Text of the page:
Fees Take A Leap

December 18, 1997

Fishermen are beginning to realize that the cost of commercial licenses will increase between 300 and 500 percent in 1998. The rise is hard to swallow for many who feel their sportfishing counterparts have gotten a free ride from the state for too long. But it could have been worse.

"Maybe I missed the meetings," a shocked Louis Veprek said on Monday. He fishes the bays during the summer months and recently got a bill from the State Department of Environmental Conservation.

Like many baymen, Mr. Veprek buys a number of licenses that allow him to switch fisheries in order to make a living.

Authorized Last Summer

"It used to be $100 for a commercial food fish license, and $30 for a shellfish license. Now it's $250 for a food fish license, and $50 for a shellfish license. It went from $7 to $50 for a shellfish shipper's, class F license. I can see incremental changes, but this. . . ." Mr. Veprek said.

The bayman was right. He did miss the meeting - meetings, actually. The increases were authorized as part of the Omnibus Marine Resources bill passed last summer. According to Gordon Colvin, director of the D.E.C.'s division of marine resources, the reasons for the increase were several.

"There are the costs of statistics and reporting, and there are the enhancements in marine programs, and the cost of the provisions of the moratorium," he said, referring to the current one-year moratorium on the issuance of new commercial food-fish and lobstering licenses.

Extensive Dialogue

Mr. Colvin added that the increases would help pay for the administration of more detailed shellfish inspections required under new Federal regulations.

Basically, he said, "the marine resources account was in need of funding support. There was an extensive public dialogue," Mr. Colvin added. He allowed that complaints were coming in, nevertheless.

He said the issue was first debated three years ago within the Marine Resources Advisory Council, a state-authorized organization of scientists and representatives of commercial and recreational fisheries. Mr. Colvin said that in the end, the increases were not justified as a means for keeping part-time fishermen off the water. People didn't think it would work, Mr. Colvin said.


In fact, he added, commercial fishermen thought that an expensive license would prompt wealthy sportfishermen to go into business after the current moratorium ended.

Arnold Leo, secretary of the East Hampton Town Baymen's Association, who chaired a licensing committee for the council, said his group was "flabbergasted" when its recommended 20 percent fee increases were rejected in the omnibus bill in favor of the mega-leap in costs to commercial fishermen. His committee complained, and the entire Advisory Council followed suit.

Mr. Leo said his committee understood that the cost of administering the newly adopted regimen of "limited entry" management - that is, limiting the number of commercial fishermen in any given fishery - was greater.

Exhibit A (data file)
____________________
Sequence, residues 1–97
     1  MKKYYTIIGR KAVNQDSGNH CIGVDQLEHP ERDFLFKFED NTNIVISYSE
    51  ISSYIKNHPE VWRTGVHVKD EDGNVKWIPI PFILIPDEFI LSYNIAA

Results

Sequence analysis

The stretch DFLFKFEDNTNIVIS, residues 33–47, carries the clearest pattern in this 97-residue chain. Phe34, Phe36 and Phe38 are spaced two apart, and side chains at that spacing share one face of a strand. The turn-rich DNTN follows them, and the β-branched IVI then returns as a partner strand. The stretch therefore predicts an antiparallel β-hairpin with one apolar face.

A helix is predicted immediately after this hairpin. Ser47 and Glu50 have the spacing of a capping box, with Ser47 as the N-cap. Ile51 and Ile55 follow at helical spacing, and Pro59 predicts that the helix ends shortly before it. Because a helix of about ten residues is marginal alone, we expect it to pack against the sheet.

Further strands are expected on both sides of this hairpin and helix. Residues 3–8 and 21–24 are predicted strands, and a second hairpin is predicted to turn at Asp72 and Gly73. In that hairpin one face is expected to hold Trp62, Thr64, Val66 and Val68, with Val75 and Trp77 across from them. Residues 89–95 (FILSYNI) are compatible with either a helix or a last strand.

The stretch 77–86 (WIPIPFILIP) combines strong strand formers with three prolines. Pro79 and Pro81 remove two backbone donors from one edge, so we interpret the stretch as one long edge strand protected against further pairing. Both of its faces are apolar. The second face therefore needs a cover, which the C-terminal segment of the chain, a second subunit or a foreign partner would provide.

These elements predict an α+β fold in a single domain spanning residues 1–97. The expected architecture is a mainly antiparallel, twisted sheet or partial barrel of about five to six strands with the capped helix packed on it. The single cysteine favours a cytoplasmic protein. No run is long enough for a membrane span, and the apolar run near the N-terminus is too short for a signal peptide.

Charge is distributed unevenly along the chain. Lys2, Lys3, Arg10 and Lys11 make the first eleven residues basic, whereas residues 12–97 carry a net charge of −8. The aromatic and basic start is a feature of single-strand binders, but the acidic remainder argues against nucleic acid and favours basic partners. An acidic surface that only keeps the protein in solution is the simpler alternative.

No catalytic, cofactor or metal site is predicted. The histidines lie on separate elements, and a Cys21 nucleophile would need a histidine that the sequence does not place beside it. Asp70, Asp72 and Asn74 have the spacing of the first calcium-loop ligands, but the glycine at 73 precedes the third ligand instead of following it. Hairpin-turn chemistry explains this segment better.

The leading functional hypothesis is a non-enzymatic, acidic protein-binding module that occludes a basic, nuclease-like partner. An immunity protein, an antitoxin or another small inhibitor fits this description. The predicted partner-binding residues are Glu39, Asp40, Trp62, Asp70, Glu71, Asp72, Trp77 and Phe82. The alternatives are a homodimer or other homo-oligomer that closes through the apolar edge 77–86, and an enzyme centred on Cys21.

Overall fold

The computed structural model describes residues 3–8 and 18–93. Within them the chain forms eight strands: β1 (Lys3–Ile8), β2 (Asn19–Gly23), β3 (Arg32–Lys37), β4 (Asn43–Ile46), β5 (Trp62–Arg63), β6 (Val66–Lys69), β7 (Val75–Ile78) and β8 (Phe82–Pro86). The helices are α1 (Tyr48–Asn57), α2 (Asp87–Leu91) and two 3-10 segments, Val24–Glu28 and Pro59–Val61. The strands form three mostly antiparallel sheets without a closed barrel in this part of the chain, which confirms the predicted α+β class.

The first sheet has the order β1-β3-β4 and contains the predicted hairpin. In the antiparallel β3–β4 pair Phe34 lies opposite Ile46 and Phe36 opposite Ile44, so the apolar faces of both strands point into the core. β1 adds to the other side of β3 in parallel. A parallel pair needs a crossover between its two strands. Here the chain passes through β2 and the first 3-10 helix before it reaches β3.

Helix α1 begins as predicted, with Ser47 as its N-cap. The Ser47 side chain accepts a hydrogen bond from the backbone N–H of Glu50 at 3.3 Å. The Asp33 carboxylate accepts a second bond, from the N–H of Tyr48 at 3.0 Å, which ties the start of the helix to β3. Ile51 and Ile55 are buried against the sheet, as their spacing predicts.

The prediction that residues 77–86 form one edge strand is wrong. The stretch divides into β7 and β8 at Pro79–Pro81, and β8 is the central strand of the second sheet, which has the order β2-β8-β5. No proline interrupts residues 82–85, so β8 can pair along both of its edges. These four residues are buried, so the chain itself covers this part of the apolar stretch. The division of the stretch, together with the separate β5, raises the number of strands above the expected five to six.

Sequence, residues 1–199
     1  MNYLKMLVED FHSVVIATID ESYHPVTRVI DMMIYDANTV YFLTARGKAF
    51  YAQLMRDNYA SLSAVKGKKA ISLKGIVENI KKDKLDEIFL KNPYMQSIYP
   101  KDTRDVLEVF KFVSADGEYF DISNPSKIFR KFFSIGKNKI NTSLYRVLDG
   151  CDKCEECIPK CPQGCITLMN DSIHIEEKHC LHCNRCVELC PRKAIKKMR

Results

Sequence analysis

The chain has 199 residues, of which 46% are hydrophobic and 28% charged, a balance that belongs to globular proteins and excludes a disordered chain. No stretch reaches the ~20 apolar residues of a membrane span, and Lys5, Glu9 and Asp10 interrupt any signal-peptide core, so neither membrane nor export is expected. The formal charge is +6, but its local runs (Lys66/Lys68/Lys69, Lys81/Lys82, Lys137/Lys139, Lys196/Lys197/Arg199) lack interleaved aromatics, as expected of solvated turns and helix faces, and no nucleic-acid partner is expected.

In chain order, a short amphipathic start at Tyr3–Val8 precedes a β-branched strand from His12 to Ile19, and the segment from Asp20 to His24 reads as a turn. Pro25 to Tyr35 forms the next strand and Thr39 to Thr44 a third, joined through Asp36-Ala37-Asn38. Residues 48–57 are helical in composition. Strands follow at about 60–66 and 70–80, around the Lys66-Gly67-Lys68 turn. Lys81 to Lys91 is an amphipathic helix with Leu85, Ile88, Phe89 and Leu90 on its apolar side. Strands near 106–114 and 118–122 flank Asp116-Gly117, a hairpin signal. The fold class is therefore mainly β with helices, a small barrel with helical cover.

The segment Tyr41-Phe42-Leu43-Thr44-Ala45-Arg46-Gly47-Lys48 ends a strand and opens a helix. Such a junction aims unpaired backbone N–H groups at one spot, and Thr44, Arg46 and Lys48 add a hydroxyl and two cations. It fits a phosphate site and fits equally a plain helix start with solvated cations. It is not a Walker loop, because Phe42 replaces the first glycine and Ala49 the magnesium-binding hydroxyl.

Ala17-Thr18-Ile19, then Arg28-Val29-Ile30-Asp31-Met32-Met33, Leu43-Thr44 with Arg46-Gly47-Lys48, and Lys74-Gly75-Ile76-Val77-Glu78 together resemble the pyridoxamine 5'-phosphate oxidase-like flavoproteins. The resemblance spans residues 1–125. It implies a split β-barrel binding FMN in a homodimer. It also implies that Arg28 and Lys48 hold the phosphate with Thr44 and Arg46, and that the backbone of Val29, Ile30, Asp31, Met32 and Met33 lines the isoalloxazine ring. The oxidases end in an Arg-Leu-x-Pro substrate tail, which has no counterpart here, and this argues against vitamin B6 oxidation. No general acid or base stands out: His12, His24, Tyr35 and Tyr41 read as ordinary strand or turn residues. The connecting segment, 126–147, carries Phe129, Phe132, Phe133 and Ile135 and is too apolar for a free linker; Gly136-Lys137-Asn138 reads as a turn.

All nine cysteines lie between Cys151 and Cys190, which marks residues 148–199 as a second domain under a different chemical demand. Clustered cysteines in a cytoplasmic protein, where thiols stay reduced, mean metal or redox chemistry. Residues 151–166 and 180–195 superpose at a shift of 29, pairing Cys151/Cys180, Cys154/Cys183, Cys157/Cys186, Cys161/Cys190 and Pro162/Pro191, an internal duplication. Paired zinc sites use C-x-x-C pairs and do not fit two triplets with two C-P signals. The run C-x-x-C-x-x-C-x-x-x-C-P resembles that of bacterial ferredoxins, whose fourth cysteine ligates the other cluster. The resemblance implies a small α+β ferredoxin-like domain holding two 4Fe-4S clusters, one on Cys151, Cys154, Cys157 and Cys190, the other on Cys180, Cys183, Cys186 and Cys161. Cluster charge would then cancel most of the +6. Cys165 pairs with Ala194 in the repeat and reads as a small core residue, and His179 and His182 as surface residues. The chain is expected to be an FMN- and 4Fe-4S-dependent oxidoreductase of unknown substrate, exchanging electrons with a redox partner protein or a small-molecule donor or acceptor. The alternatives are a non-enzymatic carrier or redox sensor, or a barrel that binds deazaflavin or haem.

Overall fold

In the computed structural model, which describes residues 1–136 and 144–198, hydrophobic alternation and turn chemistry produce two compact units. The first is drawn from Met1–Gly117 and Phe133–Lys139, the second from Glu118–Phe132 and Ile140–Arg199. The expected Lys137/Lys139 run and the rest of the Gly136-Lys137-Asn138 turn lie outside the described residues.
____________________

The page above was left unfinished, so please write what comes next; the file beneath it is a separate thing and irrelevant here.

For instance, he said, the jump from $35 to $50 for a shellfishing license was understandable in that shellfish fisheries were not, as yet, subject to limited entry.

At the same time, he said that for "baymen trying to piece together a living by lobstering, finfishing, and shellfishing, a 300 percent increase is unconscionable in light of the fact that the [D.E.C.] doesn't have the political balls to require a $5 recreational license."

"Once again they are making the commercial fisherman pay for the total mismanagement of the fishery."

Could Have Been Worse

Mr. Leo said the Baymen's Association was still smarting from what appeared to be the complete rejection of its proposal for a modified haulseine fishery.

"Our recent experience proves again their complete unresponsiveness to the needs of the inshore commercial fisherman and that their policy is directed by political considerations," he said. The idea was presented, unsuccessfully, to D.E.C. Commissioner John Cahill last month.

Bill Wise, president of the Marine Resources Advisory Council, said the fees could have been higher. When the budget division was looking over the original omnibus bill, it found "an existing shortfall in the marine resources budget" and recommended an even steeper rise in commercial fishing fees.

Federal Funds

"When we got wind of it, we said we would have none of it, and that the deficit should be handled separately. Eventually, it was scaled back to the D.E.C.'s original request," Mr. Wise said.

He said a $5 recreational fishing license would more than compensate for the agency's budget problems as long as the money raised went to the agency. "The council would support it if the money went back into the programs, if it were not used to offset the base budget [from the capital budget], and if the state demonstrated how it would be spent."

Mr. Wise said that a modest recreational fee would also leave the state open to Federal funds - collected via the sale of boating and sportfishing products - that would amount to as much, or more than the license income itself.

Losing Money

"We're losing substantial money. My belief is a recreational license is long overdue, and that the safeguards are not a problem." Like Mr. Colvin, he blamed the impasse on sport licenses on "a lack of leadership."

Mr. Colvin said that the higher commercial license fees were not universally opposed. He said that some of the "larger" lobstermen saw this as a means of keeping part-timers off the water. "The cost won't discourage fishermen given the nature of the license moratorium," Mr. Colvin said. "They are going to want to hang on, for fear that if they let [their licenses] go, they'll never get them back."